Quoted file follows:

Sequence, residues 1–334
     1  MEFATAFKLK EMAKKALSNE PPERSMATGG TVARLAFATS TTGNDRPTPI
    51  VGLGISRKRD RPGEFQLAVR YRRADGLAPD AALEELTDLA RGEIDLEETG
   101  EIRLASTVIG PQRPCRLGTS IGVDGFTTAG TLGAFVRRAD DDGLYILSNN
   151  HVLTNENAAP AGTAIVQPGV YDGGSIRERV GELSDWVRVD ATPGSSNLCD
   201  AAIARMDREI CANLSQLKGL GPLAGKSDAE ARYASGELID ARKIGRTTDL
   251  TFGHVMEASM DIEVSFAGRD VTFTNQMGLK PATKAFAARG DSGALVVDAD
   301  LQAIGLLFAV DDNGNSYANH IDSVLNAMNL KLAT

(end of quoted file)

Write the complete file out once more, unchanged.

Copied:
Sequence, residues 1–334
     1  MEFATAFKLK EMAKKALSNE PPERSMATGG TVARLAFATS TTGNDRPTPI
    51  VGLGISRKRD RPGEFQLAVR YRRADGLAPD AALEELTDLA RGEIDLEETG
   101  EIRLASTVIG PQRPCRLGTS IGVDGFTTAG TLGAFVRRAD DDGLYILSNN
   151  HVLTNENAAP AGTAIVQPGV YDGGSIRERV GELSDWVRVD ATPGSSNLCD
   201  AAIARMDREI CANLSQLKGL GPLAGKSDAE ARYASGELID ARKIGRTTDL
   251  TFGHVMEASM DIEVSFAGRD VTFTNQMGLK PATKAFAARG DSGALVVDAD
   301  LQAIGLLFAV DDNGNSYANH IDSVLNAMNL KLAT